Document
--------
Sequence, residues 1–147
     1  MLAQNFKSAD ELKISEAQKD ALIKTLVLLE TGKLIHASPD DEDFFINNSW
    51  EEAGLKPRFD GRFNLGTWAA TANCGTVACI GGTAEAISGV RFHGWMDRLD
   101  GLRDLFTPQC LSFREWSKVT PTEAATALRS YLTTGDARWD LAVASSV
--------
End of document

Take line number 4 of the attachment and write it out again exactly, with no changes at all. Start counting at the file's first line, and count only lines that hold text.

   101  GLRDLFTPQC LSFREWSKVT PTEAATALRS YLTTGDARWD LAVASSV